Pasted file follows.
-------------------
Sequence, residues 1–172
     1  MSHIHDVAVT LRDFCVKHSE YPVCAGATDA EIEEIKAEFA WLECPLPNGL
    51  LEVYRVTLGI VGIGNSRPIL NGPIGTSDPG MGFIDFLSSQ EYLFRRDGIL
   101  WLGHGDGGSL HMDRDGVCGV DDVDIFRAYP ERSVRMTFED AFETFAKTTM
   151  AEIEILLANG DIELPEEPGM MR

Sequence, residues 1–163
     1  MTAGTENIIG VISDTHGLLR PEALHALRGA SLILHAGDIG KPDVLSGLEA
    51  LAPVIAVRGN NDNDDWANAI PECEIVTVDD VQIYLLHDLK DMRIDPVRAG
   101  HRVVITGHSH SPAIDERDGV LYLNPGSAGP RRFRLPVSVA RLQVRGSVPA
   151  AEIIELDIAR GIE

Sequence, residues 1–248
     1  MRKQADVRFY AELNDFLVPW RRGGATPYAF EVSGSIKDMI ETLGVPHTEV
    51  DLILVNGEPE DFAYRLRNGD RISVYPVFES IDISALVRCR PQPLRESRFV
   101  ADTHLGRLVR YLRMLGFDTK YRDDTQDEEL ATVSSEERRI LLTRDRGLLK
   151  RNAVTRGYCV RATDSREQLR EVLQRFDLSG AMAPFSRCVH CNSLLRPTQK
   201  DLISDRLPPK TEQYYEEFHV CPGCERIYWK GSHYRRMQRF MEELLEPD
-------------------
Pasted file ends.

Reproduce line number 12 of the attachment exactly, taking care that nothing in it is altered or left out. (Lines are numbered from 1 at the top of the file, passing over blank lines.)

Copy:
     1  MRKQADVRFY AELNDFLVPW RRGGATPYAF EVSGSIKDMI ETLGVPHTEV